Vincent Pereira, Chairman, Energy Chamber of Trinidad and Tobago, and President, BHP Billiton Trinidad and Tobago
All Protocols observed. Ladies and Gentlemen, good morning. What a great day this promises to be.
I feel very honoured to welcome you to the annual Trinidad & Tobago Energy Conference, the premier energy sector conference in the region. I would like to say a special welcome to all of our international visitors – I know that some of you are regular visitors but we also have some people here today who are visiting the country for the first time. So in addition to welcoming you to the conference let me also welcome you to our beautiful twin-island country of Trinidad & Tobago.
This is my first conference as Chairman of the Energy Chamber, a role that I took over from my predecessor, a wonderful person, a personal friend and a terrific colleague – Mr. Roger Packer, at the Annual General Meeting in October 2014. Let me take this opportunity to thank Roger for all his hard work and dedication to the Energy Chamber, which certainly grew and flourished under his leadership and to also thank him in anticipation of the contribution he will continue to make as IPC.
Since taking over Chairmanship of the Energy Chamber oil prices have plummeted by 48% – I am fairly certain that this is one of those cases where correlation does not equal causation. I don’t think that any of us quite anticipated how fast and far prices would drop, but it has certainly put the global industry in a very different position than we were in just six months ago. We are truly operating in times of rapid change – from a both a geo-political as well as a macro-economic perspective.
But in one sense this is nothing new – volatility has always been a facet of the energy industry. Our task can never be about avoiding turbulence – we don’t make it and we can’t avoid it – ours, is the noble role of ensuring that everything we do is focused on ensuring we get sharper every day on our Operating and Capital productivity to expand margins and enhance returns regardless of where prices go.
I suspect that none of us can be precise about the reasons nor the impacts on the Local and International Energy Industry but we can all see the expansion in supply, U Shale liquids; Russian oil, Iraq oil….and all happening at a time when the global struggle for growth has dampened demand – hopefully only temporarily. The good thing is that we have a wonderful slate of speakers who I am sure over the course of today and tomorrow will offer their own expert thoughts on the current state of the Industry and the future.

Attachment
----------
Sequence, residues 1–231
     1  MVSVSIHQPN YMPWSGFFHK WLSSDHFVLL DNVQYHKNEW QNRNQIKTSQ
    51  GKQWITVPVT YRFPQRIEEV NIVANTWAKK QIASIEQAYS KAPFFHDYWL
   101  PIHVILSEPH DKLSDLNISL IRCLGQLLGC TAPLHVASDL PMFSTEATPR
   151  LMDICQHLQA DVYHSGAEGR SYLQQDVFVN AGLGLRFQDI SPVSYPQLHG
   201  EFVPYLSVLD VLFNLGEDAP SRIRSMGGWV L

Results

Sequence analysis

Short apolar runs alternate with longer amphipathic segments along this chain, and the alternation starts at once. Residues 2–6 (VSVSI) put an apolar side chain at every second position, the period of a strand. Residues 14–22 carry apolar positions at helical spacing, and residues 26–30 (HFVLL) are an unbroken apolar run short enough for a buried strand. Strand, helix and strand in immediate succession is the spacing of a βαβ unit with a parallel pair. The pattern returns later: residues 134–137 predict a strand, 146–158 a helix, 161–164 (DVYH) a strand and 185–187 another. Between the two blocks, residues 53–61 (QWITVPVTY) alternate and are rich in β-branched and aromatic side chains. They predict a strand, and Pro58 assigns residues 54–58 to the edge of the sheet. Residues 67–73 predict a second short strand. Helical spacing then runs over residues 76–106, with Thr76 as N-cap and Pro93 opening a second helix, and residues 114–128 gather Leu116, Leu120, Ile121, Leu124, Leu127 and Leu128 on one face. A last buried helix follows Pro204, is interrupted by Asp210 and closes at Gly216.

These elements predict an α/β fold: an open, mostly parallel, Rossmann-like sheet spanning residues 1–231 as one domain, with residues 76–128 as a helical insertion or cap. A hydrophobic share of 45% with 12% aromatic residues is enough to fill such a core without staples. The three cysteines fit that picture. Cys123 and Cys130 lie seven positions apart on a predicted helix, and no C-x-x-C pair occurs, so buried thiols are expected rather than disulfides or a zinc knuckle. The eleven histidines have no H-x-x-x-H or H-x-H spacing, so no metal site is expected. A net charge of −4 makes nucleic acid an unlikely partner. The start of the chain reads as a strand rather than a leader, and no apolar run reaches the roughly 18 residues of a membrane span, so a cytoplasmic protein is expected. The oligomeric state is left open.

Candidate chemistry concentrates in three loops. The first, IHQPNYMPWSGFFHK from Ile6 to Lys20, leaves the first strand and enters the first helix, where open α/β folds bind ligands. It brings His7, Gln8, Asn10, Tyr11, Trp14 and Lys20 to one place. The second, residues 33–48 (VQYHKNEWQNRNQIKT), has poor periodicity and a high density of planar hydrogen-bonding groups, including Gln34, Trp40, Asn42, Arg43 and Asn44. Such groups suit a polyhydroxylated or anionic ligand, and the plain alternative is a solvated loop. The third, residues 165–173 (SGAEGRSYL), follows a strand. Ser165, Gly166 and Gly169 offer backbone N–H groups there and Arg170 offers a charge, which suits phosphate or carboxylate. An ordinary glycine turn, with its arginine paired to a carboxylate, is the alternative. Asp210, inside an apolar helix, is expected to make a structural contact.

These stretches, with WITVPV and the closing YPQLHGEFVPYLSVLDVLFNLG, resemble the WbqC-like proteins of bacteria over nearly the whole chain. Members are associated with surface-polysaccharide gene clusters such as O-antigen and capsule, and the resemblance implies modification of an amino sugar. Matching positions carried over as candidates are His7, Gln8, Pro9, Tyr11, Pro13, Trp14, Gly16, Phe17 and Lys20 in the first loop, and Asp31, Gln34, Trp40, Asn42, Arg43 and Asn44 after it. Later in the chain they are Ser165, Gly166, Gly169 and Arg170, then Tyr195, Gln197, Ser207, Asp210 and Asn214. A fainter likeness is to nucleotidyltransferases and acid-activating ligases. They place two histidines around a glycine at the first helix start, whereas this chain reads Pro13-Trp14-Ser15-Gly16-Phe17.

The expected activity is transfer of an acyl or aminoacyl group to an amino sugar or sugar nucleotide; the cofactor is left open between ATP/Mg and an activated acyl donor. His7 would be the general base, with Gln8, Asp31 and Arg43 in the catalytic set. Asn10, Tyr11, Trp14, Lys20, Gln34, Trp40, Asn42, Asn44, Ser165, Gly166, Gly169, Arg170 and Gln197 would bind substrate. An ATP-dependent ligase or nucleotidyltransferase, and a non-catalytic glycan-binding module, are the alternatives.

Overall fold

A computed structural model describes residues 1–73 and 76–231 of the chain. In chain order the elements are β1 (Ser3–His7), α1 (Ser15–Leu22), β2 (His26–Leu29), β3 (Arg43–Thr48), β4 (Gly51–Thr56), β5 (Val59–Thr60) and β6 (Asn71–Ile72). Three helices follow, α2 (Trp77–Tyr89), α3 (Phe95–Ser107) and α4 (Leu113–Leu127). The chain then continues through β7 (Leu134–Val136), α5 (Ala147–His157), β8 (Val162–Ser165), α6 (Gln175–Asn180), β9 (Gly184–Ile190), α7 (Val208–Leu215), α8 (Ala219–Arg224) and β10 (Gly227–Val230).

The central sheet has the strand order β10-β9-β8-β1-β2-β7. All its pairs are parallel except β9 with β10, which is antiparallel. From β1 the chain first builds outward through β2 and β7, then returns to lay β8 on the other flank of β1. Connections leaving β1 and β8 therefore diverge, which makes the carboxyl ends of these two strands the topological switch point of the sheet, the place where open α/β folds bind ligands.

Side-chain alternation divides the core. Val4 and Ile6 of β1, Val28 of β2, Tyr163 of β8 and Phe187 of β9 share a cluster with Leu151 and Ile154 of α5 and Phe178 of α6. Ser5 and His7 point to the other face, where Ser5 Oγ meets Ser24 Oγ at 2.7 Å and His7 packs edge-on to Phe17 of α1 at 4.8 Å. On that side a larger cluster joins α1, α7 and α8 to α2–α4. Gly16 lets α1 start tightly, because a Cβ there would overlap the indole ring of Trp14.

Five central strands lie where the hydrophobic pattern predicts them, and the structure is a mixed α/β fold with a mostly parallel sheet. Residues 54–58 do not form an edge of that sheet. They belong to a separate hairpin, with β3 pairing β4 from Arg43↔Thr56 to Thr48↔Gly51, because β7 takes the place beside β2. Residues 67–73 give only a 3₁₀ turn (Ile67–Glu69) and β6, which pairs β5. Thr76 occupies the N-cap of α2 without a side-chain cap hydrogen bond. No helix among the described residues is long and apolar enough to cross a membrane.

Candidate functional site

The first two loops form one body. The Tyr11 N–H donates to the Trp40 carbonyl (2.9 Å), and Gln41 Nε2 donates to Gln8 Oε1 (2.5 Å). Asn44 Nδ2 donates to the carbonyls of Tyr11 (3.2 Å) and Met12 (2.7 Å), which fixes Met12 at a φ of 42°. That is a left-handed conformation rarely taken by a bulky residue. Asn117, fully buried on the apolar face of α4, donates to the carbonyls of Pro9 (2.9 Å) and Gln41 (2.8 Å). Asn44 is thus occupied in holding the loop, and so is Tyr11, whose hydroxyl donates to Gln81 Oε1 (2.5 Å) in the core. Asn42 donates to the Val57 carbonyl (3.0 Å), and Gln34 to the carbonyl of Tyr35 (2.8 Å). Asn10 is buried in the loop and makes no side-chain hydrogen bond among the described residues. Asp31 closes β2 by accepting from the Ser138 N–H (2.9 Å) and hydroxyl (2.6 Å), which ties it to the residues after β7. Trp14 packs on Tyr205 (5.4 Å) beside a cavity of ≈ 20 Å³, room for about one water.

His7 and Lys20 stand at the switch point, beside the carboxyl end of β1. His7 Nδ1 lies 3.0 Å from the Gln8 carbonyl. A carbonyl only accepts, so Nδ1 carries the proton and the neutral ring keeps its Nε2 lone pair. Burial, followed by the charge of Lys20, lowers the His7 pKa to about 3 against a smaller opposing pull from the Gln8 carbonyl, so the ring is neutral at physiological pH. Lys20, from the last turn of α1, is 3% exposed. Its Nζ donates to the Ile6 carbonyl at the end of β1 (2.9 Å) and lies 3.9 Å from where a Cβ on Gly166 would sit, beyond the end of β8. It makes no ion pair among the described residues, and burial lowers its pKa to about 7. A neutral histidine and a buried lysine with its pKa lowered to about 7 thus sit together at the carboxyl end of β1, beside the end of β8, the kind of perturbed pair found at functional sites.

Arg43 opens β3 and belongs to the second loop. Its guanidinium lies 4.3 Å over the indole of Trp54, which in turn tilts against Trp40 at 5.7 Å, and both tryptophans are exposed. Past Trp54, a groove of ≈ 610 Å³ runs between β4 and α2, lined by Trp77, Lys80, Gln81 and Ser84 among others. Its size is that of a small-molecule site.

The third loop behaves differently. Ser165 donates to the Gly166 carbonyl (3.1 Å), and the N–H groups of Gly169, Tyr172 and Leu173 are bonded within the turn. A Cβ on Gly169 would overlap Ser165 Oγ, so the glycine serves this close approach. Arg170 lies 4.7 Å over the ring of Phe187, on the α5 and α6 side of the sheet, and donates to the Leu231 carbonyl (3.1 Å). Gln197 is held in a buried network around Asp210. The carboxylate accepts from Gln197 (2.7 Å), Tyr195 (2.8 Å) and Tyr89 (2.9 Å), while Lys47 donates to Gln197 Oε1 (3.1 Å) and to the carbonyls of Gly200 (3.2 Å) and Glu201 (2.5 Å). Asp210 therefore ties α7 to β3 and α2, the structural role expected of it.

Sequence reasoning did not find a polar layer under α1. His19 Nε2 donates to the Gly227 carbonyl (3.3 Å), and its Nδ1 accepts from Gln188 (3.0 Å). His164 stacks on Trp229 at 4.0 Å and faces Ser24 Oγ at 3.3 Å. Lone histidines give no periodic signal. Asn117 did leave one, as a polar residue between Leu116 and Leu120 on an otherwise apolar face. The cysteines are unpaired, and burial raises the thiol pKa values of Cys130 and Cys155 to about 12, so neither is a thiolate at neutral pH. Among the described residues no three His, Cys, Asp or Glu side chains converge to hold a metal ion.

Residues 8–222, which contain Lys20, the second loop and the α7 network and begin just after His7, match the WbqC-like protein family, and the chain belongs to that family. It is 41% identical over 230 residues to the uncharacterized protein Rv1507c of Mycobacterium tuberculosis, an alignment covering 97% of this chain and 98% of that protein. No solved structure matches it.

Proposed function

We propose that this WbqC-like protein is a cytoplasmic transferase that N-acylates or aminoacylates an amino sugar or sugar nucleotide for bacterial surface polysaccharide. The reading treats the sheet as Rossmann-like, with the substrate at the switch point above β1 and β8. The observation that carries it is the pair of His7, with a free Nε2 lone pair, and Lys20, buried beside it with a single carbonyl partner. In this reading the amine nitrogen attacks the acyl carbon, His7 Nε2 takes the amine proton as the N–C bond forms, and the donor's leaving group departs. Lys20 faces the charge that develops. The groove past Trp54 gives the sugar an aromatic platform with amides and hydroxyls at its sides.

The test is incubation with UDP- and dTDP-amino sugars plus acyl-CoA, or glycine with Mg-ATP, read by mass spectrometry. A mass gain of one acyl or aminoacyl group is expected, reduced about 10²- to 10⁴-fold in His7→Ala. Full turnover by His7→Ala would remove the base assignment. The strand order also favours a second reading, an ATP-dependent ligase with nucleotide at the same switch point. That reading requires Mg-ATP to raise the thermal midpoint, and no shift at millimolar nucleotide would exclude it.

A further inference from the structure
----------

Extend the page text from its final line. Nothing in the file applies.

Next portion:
It is probably safe to say, however, that the face of the Global industry is very likely to change because of the current low price environment. We have already seen major consolidation between two global giants in the Service sector – more to follow? And of course by changing Geopolitics. Indeed, many of you would know that the reason the Minister of Energy is unable to be with us is as a result of the energy discussions taking place today in Washington DC between the United States Government and regional governments that possibly hints at some of the changing geopolitics.
Quite how this will impact the energy sector in Trinidad & Tobago and in the wider Caribbean is unknown. We can do nothing to influence global oil or gas prices but what we can do is to ensure that we have the right policy framework in place to survive this period of uncertainty and position ourselves to take full advantage when higher prices return. Policy frameworks that maintain Trinidad and Tobago’s competitiveness in the broadest sense.
In the energy sector we are accustomed to working with long planning horizons and it is important that we keep the long-term in mind, even as we are dealing with robust short-term challenges. There will always be risks and challenges, our imperative is always to be prepared and have the resilience to respond.
Unfortunately for us the decline in global prices has come on top of some specific local challenges that we have faced over the recent past. The shortages in gas supply to both Atlantic and the Point Lisas plants that we have experienced over the past few years have been widely reported in both the local and international press. The gas shortages have undeniably been a major strain on the industry, negatively effecting company profitability and hence Government revenue and having negative implications for reputation and asset integrity and increasing operational risk. Total gas production in 2014 was around 6% down on 2010, the peak year for production, during a time when ammonia, methanol and LNG were all receiving good prices on international markets.
Clearly not a desired, nor sustainable situation. When one considers the following:
- the scale of the T&T gas business, ca4BCFD (Henry Hub is ca2.0BCFD) – this is a big machine